From the 1830s through the mid-20th century, sugarcane plantations were Kauaʻi's most important industry. In 1835 the first sugarcane plantation was founded on Kauaʻi, and for the next century the industry would dominate the economy of Hawaiʻi. Most of that land is now used for ranching. Kauaʻi's sole remaining sugar operation, the 118-year-old Gay & Robinson Plantation, plans to convert its operation to cultivating and processing sugarcane ethanol.
Kauaʻi is home to the U.S. Navy's "Barking Sands" Pacific Missile Range Facility, on the sunny and dry western shore. HF ("shortwave") radio station WWVH, sister station to WWV and WWVB in Fort Collins, Colorado, is located on the west coast of Kauaʻi about 3 miles (5 km) south of Barking Sands. WWVH, WWV and WWVB are operated by the US National Institute of Standards and Technology, broadcasting standard time and frequency information to the public.
Land in Kauaʻi is very fertile; farmers raise many varieties of fruit and other crops. Guava, coffee, sugarcane, mango, banana, papaya, avocado, star fruit, kava, noni and pineapple are all cultivated on the island.
Kauaʻi Island Utility Cooperative (KIUC) is a not-for-profit electric cooperative headquartered in Līhuʻe, which provides electricity for the island. With 24,000 member-owners who elect a 9-member Board of Directors, it is the only electric cooperative in the state of Hawaii
In the 1970s, Kauaʻi burned sugar cane waste to supply most[ clarification needed ] of their electricity.[ citation needed ]
By 2008, transition of energy sources and growth in generating capacity had occurred, with the majority of the Kauaʻi's electricity now produced by importing liquid petroleum. In 2006 and 2007, the cost of the inputs cost $69.3 million and $83 million, respectively. By 2011, 92% of KIUC's power came from diesel.
By early 2017, KIUC's fuel mix was 56% fossil fuels, 9% hydroelectric, 12% biomass and 23% solar. KIUC had successfully integrated large-scale solar into its grid so that, during daylight hours on most sunny days, 97 percent or more of its generation comes from renewable sources. KIUC offers $1,000 rebates to residential customers who have solar water heating systems installed on their homes by Energy Wise Participating Contractors.[ citation needed ]
In March 2017, KIUC opened a Tesla Energy 13 MW / 52 MWh battery next to the 12 MW Kapaia solar plantfor 13.9¢/kWh. In December 2018, KIUC opened an AES Distributed Energy project for 20 MW solar with 20 MW / 100 MWh batteries priced at 11.1¢/kWh.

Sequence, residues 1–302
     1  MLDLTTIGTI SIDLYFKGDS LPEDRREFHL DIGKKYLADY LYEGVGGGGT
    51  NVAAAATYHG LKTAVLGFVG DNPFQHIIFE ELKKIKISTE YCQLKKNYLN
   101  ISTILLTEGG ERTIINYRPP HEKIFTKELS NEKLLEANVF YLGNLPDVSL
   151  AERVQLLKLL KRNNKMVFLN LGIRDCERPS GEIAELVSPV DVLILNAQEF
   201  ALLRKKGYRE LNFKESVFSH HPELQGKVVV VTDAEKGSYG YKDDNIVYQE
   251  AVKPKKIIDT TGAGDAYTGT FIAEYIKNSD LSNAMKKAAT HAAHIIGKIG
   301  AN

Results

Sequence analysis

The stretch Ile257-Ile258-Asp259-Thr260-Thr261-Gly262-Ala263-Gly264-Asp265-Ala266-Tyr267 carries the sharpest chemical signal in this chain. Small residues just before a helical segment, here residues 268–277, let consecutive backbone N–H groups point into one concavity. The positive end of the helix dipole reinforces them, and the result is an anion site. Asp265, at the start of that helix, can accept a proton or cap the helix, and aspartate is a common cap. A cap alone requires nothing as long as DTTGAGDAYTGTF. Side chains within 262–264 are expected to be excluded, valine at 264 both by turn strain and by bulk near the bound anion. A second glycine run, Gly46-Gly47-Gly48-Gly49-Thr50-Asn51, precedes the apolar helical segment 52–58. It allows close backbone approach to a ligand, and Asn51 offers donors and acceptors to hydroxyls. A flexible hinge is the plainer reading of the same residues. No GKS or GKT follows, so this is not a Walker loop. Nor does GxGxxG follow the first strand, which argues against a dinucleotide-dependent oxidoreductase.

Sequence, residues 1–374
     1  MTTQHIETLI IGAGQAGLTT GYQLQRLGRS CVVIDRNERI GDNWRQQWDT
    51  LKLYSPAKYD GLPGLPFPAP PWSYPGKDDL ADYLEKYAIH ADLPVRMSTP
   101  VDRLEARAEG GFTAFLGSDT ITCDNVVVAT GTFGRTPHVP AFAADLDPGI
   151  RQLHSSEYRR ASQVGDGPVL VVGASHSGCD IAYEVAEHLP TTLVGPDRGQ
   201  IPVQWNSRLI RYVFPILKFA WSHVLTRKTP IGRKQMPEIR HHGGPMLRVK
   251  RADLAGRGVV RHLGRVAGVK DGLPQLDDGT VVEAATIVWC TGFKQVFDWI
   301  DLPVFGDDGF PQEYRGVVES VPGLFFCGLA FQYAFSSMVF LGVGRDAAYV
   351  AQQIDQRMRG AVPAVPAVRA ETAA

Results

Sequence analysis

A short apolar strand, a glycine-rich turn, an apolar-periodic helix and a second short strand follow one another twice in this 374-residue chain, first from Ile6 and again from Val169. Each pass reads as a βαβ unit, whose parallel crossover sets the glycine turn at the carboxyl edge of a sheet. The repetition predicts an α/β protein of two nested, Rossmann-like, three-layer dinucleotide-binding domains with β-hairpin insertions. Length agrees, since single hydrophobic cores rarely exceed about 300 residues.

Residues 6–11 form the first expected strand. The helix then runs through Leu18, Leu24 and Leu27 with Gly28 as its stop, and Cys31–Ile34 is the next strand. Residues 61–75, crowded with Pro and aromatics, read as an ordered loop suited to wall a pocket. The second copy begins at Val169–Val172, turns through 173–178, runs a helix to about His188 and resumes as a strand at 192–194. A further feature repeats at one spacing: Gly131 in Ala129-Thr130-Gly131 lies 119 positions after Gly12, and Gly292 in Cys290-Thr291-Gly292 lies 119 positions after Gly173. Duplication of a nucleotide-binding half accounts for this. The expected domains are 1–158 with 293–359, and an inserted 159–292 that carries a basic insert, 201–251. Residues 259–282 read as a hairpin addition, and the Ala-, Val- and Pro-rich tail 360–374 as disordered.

The town of Līhuʻe, on the island's southeastern coast, is the seat of Kauaʻi County and the second largest town on the island. Kapaʻa, on the "Coconut Coast" (site of an old coconut plantation) about 6 miles (9.7 km) north of Līhuʻe, has a population of over 10,000, or about 50% greater than Līhuʻe. Princeville, on the island's north side, was once the capital of Kauaʻi.
Communities on Kauaʻi range in population from the roughly 10,000 people in Kapaʻa to tiny hamlets. The list below lists the larger or more notable of those from the northernmost end of Hawaii Route 560 to the western terminus of Hawaii Route 50:
Located on the southeastern side of the island, Lihue Airport is the only commercial airport with commercial airline services on Kauaʻi. Līhuʻe Airport has direct routes to Honolulu, Kahului/Maui, the United States mainland, and Vancouver, Canada. Other General Aviation airports on the island not offering commercial airline services are Port Allen Airport and Princeville Airport. The Pacific Missile Range Facility has a 6,006-foot runway that is closed to GA traffic but could potentially be used during a declared emergency landing.
Several state highways serve Kauaʻi County:
Other major highways that link other parts of the Island to the main highways of Kauaʻi are:
The Kauaʻi Bus is the public transportation service of the County of Kauaʻi.
Kauaʻi is home to thousands of moa (wild chickens) who have few natural predators, as the mongoose was never introduced in Kauaʻi as it has been on other Hawaiian islands. Kauaʻi's chickens originated from the original Polynesian settlers, who brought them as a food source. They have since bred with European chickens that have gotten free from farms and cockfighting breeders.
The Kauaʻi Heritage Center of Hawaiʻian Culture and the Arts was founded in 1998. Their mission is to nurture a greater sense of appreciation and respect for the Hawaiʻian culture. They offer classes in Hawaiʻian language, hula, lei and cordage making, the lunar calendar and chanting, plus trips to cultural sites.
Kauaʻi is home to many shave ice shops, a tradition in the islands. Popular tourist shave ice shops are Wailua Shave Ice in Kapaʻa, and Uncleʻs Shave Ice in Lihuʻe and Koloa.